The medicine man who's aiding the poor and needy

Click to follow
The Independent Online

As soon as he gets close to the houses, Omkar Nath cries out: "If you have any medicine you have no use for, and you want to help the poor, then please donate it." In English his entreaty may sound clumsy. But on this bright morning, in Mr Nath's easy, fluid Hindi, it comes across like a song.

For three years, the 75-year-old has walked the streets of Delhi, collecting unwanted medicine, and then donating it to clinics that provide care for the poor. He has become a city celebrity and won the nickname of Medicine Baba.

"The best places are the middle-class and lower middle-class neighbourhoods," he says, explaining that he rarely receives donations from wealthy areas.

Aged 12, Mr Nath's legs were badly injured after he was hit by a car while crossing the road. His bones grew back skewed and awkward. Today, his daily five-mile sorties around Delhi, and bus journey back to the slum area where he lives, are not easy.

On a recent morning, i accompanied Mr Nath as he collected. One of the first to hand over medicine was Manoj Sharma, who gave painkillers formerly belonging to his mother. He said he knew who Medicine Baba was. "We think he is doing a very good thing."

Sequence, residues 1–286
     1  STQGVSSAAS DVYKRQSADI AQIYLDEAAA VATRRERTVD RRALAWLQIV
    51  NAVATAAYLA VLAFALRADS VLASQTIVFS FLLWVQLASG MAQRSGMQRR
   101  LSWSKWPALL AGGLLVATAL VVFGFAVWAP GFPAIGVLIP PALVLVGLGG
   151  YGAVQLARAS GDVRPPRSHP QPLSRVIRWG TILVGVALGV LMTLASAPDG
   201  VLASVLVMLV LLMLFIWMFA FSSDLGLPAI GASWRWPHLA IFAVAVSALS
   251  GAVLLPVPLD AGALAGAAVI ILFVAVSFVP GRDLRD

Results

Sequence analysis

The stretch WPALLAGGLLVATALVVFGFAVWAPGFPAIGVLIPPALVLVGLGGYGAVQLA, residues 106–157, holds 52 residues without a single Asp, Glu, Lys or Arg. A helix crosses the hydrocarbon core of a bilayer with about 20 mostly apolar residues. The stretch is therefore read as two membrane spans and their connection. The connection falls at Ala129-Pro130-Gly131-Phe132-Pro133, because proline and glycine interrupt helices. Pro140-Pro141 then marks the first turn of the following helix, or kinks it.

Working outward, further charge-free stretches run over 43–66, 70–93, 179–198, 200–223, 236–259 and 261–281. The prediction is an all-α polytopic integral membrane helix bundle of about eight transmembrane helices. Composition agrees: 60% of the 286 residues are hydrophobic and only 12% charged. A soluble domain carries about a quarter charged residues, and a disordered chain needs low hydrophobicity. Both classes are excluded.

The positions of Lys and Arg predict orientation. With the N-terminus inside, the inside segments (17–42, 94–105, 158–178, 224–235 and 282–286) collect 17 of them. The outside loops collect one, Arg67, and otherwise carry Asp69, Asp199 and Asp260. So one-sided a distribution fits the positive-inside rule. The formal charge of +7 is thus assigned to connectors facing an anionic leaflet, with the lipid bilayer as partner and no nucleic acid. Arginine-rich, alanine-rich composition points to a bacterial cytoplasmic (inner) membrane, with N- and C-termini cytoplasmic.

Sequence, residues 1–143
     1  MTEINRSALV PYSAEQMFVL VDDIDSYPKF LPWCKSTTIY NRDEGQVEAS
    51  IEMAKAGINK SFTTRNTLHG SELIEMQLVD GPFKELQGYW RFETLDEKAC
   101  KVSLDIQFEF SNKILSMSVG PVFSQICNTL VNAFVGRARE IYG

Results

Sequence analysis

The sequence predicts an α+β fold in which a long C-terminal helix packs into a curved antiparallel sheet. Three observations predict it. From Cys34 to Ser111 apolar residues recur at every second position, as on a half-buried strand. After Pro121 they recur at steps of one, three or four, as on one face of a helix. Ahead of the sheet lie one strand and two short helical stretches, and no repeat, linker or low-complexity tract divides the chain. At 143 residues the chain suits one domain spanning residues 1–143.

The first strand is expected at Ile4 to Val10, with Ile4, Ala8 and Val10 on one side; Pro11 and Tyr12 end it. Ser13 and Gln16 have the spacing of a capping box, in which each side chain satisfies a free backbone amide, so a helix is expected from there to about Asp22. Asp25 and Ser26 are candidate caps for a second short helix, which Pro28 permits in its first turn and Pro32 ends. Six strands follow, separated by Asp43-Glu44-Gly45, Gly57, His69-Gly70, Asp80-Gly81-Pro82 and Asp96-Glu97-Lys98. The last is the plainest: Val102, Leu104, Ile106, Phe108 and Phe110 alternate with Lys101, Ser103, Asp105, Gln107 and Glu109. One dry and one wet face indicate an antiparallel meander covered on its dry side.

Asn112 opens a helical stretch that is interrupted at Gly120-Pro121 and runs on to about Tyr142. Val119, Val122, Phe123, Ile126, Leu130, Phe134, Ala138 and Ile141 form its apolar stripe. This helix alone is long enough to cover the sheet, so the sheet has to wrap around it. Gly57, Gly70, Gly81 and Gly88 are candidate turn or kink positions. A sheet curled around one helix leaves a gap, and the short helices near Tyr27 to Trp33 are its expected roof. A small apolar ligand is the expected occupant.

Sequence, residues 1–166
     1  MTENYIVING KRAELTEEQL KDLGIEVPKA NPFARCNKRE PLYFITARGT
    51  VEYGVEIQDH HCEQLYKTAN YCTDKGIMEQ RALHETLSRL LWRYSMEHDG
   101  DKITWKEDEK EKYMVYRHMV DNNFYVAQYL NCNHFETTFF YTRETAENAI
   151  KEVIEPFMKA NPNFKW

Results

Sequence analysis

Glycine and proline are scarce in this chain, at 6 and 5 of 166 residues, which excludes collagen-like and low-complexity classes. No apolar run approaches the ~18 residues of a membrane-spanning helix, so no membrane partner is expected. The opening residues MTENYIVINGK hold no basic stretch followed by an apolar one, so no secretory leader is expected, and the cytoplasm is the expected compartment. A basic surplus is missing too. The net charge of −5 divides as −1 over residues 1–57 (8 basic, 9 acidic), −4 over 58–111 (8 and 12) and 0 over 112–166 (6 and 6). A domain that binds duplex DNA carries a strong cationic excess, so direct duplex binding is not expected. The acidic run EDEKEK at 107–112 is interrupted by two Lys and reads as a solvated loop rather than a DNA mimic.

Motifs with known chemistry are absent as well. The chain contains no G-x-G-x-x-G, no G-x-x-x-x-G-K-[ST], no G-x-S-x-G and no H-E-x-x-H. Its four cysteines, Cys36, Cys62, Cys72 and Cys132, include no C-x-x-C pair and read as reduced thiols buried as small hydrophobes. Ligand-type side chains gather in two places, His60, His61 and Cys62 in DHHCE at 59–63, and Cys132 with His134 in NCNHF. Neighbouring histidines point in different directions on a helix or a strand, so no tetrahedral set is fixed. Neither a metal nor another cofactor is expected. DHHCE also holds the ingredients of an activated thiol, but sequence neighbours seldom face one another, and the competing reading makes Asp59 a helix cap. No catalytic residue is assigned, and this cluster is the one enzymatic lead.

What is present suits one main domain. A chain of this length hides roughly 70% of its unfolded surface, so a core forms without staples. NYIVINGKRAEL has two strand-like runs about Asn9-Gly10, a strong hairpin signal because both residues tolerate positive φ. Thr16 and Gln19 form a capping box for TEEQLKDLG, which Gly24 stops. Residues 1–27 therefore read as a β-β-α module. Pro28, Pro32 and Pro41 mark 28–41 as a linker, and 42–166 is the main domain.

But not everyone gave Medicine Baba an easy ride. One man said he had not heard about the collections and had no idea who Mr Nath was. "Why are you doing this?" he asked.

"Because of my inner calling," Mr Nath smiled back. "When I retired I decided I would put my time to good use."

As his fame has grown, television channels have got to know about him. He often tells people to look out for him on the news. When he answers his phone, he does so with a flourish: "Medicine Baba speaking." He says he got the idea for his collections after a construction accident in Delhi in 2008. A concrete post fell, killing two and injuring many others. "The injured were taken to a hospital but it gave them only basic treatment. The hospital said it did not have enough medicine. It struck me then that if I could obtain medicine, it could be distributed free of charge."

After each collection, he carefully catalogues it. Anything not sealed gets discarded. Mr Nath's eventual aim is to establish a free medicine bank, properly catalogued and available to NGOs and charities.